|Information below is from a catalog I purchased called “Lobi Skulpturen - The Floros and Sigrid Katsouros Collection"|
It's a nice publication and I do highly recommend it.
Very basic definitions
BATEBA - Generally in literature on the Lobi the term "bateba" translates to a "wooden carved figure"
BATEBA PHUWE - Normal or ordinary Bateba
BATEBA Tl BALA - Unusual Bateba (sub categories Thil Dokra <janus figure>, Betise <mating couple>, maternity figures)
BATEBA YADAWORA - Sad Bateba
BATEBA Tl PUO - Dangerous Bateba
BATEBA BAMBAR - Paralysed Bateba
"These are words from the Lobi language that help to explain the ritual use and significance of the figures. But this glossary hardly does justice to
the aesthetic and stylistic principles on which the Lobi carvings are based. The Lobi carvers employed every imaginable form of variation,
abstraction and reduction, indulging in the fantastic to such an extent that they are sometimes referred to as the 'wild' or 'crazy' Lobi.
The first impression of the Lobi figures is one of non-uniformity both in form and style. But this perception of a lack of style or tradition is thoroughly
misleading. On closer inspection, most of the statues in the BATEBA PHUWE group (the 'normal figures') are homogeneous and easily
recognisable. Categorising the other groups is harder, but with patience and a little practice even the weirdest of the Lobi statues can be identified.
The Lobi have very distinct ideas about the appearance of the human body, e.g. head, hairstyle, chest, eyes, shoulders, buttocks and legs, and
these are adhered to by the Lobi carvers, consciously or subconsciously, even when they are producing the 'craziest' of representations.
It is therefore perfectly acceptable to speak of a typical Lobi figurative style, albeit that it may not have reached the same level of maturity as the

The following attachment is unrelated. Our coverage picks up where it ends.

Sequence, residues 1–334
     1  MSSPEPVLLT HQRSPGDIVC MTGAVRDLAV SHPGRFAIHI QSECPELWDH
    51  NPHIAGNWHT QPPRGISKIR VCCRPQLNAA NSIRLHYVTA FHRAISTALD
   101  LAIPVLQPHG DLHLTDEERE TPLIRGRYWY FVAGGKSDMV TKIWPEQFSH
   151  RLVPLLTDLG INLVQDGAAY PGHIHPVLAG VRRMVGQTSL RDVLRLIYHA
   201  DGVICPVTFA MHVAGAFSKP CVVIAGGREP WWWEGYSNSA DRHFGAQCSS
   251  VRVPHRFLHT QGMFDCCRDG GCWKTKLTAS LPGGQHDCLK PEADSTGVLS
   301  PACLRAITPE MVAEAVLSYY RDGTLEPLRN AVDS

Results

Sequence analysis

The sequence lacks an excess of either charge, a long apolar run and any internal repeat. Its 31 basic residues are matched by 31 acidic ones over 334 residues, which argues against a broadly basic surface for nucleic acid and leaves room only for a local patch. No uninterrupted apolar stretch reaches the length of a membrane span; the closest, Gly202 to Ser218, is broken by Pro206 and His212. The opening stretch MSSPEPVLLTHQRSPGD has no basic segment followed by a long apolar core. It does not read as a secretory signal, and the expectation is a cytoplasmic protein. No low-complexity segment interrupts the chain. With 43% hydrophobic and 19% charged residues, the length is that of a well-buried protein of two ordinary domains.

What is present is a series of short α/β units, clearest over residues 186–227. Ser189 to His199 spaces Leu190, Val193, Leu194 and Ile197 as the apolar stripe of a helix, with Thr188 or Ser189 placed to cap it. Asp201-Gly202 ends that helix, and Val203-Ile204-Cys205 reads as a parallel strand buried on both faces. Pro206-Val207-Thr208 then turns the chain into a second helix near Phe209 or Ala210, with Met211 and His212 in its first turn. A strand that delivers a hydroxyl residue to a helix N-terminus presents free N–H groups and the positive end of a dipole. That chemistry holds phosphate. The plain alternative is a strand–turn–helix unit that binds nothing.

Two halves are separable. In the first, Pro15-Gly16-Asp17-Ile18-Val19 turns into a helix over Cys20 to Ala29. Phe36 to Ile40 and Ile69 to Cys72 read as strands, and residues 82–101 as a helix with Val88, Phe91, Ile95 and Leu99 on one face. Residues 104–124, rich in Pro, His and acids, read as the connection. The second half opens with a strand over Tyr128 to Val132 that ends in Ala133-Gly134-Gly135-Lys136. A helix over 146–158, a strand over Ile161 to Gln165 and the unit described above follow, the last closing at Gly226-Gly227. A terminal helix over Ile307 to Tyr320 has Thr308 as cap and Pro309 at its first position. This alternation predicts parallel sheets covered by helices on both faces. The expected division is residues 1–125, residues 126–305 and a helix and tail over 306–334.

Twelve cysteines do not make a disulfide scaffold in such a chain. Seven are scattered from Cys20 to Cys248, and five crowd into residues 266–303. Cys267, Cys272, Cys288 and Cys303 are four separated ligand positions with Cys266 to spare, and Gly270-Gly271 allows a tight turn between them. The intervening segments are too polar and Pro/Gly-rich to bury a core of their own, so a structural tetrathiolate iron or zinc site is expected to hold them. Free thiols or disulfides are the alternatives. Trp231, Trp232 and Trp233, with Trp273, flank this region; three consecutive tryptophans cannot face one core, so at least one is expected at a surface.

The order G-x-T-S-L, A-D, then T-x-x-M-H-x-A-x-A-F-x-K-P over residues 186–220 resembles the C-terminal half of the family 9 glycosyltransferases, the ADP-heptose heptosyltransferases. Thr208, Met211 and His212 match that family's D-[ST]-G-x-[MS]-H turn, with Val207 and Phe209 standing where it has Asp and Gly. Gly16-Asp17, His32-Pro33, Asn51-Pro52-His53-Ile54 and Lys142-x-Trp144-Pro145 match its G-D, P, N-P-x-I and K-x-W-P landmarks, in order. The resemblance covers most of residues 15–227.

ethnic art of the Yoruba or Baule. Living conditions among the Lobi, a proud, warlike people who were never enslaved, who were scattered by
migration across three different countries, who have tended to live in small, isolated communities, and who are reckoned to be shy, have
discouraged them from developing the perfected artistic style of an 'advanced culture' - and thank goodness for that!
Clearly, most of the Lobi carvers were able to work unrestrained by the dictates of a common style, without any obligation to produce something
that satisfied the general aesthetic norm. They could realise their own individual style. Most of them remain nameless.
To the best of our knowledge they were self-taught.
Piet Meyer has written: 'The Lobi say, anyone can carve Bateba'.
The Lobi carvers produced their remarkable figures with crude implements, and sitting under a tree rather than in a studio, yet they made them with
great skill and precision and gave their work a clear personal touch. Indeed, we can identify some of these master carvers with a considerable
degree of certainty on the basis of individual characteristics. It is the aim of this present publication to suggest a provisional identification and to
name a number of hitherto anonymous Lobi carvers; also, to present a selection of particularly interesting individual works.
The Lobi originally came from Ghana. Around 1770 there was some resettlement in Burkina Faso and about 100 years later on the Ivory Coast too.
Today, roughly 180,000 Lobi live in these three countries."